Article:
December 13, 2015 - 2:17 pm
Boulder City Police Chief Bill Conger said he won’t be making any more statements regarding a scandal at the city’s animal shelter, including to clarify remarks the city attorney contradicted.
On Dec. 1 the Review-Journal reported that Conger had discovered in April that the city’s head of animal control had been needlessly killing animals for years — but decided not to pursue the criminal case and let her retire.
But after the Review-Journal’s story, he changed his mind. The city has said it is pursuing criminal charges against Frazier due to “public involvement.”
Conger told the Review-Journal on Dec. 1 he had decided to drop the case after talking with City Attorney David Olsen — but Olsen said that wasn’t true. The Review-Journal doubled back with Conger that day, but he didn’t answer when a reporter went to his office, called or sent an email.
On Tuesday at Boulder City’s first public meeting since the news broke, Conger refused to clarify his statement. He only said that everything between him and Olsen fell under attorney-client privilege.
Mayor Rod Woodbury defended Conger’s reasoning Tuesday, saying it was his understanding that Conger was worried the case would be difficult to pursue because Frazier had a state license to euthanize animals. Woodbury said he didn’t know the nuances of the issue, but that it sounded like an obstacle.
On Dec. 1, Conger had this to say on that matter: “She had the authority to put those animals down, OK. She did not follow code when she put those animals down. That’s the difference.”
Frazier was licensed by the Nevada State Board of Veterinary Examiners, until the board learned she had retired. Euthanasia techs must be employed with a shelter in order to be licensed. Every jurisdiction has its own rules for how to determine if an animal should be euthanized, said the board’s executive director, Debbie Machen. Frazier had been breaking city code by killing animals quickly and without having them seen by a veterinarian, according to the police investigation.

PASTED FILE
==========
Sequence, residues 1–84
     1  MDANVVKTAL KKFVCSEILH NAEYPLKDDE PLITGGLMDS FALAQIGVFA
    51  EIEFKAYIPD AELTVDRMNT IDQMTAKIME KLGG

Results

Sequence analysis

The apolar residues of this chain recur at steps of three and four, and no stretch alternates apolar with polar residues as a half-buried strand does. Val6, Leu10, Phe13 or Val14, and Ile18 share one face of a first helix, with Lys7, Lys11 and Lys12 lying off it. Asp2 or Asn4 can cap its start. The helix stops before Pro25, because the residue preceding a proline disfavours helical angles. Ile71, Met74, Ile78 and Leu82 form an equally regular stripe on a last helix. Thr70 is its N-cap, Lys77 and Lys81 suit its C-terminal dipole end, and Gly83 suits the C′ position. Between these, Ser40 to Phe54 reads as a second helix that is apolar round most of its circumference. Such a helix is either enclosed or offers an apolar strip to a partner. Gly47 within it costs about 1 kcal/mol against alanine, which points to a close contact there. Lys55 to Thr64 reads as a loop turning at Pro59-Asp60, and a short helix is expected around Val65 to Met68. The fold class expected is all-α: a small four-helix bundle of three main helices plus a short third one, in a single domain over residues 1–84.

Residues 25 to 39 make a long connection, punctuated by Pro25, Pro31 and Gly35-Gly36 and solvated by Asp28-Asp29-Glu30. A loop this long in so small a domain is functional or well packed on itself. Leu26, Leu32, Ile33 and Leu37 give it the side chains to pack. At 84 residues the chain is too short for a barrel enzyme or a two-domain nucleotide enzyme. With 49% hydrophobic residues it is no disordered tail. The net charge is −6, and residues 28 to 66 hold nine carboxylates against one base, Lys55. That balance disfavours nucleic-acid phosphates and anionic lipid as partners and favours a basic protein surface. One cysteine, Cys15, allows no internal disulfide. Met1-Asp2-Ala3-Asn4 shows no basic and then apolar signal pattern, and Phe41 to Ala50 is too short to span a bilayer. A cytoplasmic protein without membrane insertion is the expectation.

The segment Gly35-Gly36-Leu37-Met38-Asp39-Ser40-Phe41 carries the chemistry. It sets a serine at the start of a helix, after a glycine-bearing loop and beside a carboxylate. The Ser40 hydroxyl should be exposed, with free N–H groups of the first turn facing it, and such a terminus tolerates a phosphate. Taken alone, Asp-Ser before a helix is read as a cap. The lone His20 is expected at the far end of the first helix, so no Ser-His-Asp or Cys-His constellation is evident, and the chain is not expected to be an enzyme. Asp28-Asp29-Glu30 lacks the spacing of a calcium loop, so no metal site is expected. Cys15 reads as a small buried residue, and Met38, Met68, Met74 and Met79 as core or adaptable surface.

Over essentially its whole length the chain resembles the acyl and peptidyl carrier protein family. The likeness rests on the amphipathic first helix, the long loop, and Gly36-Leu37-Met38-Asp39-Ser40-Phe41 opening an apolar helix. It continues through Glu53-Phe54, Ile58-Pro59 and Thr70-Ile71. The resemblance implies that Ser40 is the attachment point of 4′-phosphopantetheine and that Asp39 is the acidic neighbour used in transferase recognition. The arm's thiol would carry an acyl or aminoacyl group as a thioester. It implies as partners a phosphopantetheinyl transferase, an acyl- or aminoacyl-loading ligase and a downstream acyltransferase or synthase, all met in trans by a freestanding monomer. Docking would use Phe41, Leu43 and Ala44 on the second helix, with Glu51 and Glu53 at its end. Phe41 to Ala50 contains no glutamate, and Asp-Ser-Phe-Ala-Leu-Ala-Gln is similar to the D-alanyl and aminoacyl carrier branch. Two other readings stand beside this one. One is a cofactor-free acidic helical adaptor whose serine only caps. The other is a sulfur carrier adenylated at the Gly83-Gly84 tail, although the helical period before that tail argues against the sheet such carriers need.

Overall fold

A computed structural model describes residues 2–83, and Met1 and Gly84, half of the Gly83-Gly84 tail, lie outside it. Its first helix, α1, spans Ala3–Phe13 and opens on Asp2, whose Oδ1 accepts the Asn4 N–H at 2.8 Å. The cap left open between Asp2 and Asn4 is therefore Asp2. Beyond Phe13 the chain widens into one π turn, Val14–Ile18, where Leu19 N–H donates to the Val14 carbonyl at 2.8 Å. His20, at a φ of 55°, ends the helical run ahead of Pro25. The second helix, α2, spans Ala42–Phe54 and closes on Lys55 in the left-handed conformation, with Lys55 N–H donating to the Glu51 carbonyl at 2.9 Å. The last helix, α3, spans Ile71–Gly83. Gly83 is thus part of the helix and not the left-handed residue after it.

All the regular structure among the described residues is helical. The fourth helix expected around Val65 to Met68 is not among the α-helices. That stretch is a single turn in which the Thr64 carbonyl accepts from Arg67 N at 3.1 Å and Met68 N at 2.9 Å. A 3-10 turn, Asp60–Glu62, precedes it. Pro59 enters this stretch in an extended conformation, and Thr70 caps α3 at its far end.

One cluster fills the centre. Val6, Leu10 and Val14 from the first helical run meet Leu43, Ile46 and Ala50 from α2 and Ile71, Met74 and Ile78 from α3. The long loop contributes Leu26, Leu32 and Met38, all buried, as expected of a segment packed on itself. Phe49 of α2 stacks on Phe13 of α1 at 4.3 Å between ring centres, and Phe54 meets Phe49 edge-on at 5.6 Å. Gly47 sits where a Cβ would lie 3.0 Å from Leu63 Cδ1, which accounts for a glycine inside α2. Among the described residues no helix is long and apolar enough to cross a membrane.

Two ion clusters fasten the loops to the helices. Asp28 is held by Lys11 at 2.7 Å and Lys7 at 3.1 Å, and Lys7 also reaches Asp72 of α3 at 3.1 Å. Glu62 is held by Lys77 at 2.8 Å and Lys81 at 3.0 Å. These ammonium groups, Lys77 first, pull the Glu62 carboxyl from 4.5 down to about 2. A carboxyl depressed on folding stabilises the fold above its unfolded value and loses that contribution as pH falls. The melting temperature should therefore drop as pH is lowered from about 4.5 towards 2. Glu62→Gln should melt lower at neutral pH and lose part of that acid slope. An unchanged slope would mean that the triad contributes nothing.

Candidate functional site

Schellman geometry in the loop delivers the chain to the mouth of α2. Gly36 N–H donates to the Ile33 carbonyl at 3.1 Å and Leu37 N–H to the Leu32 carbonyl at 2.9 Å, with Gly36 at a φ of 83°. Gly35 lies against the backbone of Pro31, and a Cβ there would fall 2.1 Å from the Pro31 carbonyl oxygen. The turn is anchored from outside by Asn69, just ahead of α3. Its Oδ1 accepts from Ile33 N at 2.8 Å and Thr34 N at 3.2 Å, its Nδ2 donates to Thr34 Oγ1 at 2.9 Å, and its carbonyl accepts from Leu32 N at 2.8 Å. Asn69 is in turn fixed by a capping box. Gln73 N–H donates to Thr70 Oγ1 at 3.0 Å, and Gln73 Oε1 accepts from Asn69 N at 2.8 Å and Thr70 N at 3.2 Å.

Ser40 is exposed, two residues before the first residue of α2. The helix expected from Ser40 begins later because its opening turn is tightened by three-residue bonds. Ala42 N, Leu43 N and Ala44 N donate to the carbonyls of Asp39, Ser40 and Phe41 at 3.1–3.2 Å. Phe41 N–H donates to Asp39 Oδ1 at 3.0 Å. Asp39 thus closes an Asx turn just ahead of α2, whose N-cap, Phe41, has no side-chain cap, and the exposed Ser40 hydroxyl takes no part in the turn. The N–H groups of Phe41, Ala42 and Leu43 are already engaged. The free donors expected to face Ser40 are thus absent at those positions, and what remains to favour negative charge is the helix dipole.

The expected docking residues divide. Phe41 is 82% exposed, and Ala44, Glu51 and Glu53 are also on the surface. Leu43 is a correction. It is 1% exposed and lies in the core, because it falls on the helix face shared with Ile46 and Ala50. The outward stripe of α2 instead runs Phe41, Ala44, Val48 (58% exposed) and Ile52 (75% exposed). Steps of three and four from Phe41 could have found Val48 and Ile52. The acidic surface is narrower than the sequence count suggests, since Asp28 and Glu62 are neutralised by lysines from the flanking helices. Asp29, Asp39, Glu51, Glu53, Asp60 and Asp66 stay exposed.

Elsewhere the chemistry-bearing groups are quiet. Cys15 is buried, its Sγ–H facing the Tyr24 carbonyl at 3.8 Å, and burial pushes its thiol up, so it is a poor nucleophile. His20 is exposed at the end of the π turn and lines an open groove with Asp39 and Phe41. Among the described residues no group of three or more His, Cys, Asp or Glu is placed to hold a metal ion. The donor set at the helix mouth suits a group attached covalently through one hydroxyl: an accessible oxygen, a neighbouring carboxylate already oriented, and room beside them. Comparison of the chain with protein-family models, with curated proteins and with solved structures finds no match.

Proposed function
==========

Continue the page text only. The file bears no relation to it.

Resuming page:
“Our laws only teach the euthanasia tech how to handle the drug, how much to use, how to store it, how to log it because it’s a controlled substance. That’s the main reason they have a license with us,” Machen said. “The animals are really the shelter’s responsibility.”
— Bethany Barnes
Christmastime at Nevada Legislature
Nevada lawmakers are packing for a trip to the capital city and a special legislative session to sign a deal with electric car maker Faraday Future.
Gov. Brian Sandoval is expected to sign a proclamation early this week setting the parameters of what legislators will consider when the session begins.
Faraday, a California-based start-up, announced Thursday it will build a $1 billion manufacturing plant in North Las Vegas at the long-vacant Apex Industrial Park. Nevada was one of four states under consideration.
Steve Hill, Nevada’s economic development chief, said the project will inject $85 billion into the Nevada economy over 20 years and create 13,000 direct and indirect jobs.
But first the Nevada Senate and Assembly must finalize $217 million in tax abatements and other provisions of the deal that took more than a year to put together.
Proposed legislation will set out abatements and tax credits available provided Faraday meets investment and hiring thresholds. Laws approved by legislators to clinch the Faraday deal would apply to any company that came to Nevada with a $1 billion investment and met the same benchmarks.
The last special session was in September 2014, when legislators met for two days to approve $1.3 billion in tax incentives to land a $5 billion battery factory in Northern Nevada. That project is a joint venture of Tesla Motors Inc. and Panasonic Corp.
— Sandra Chereb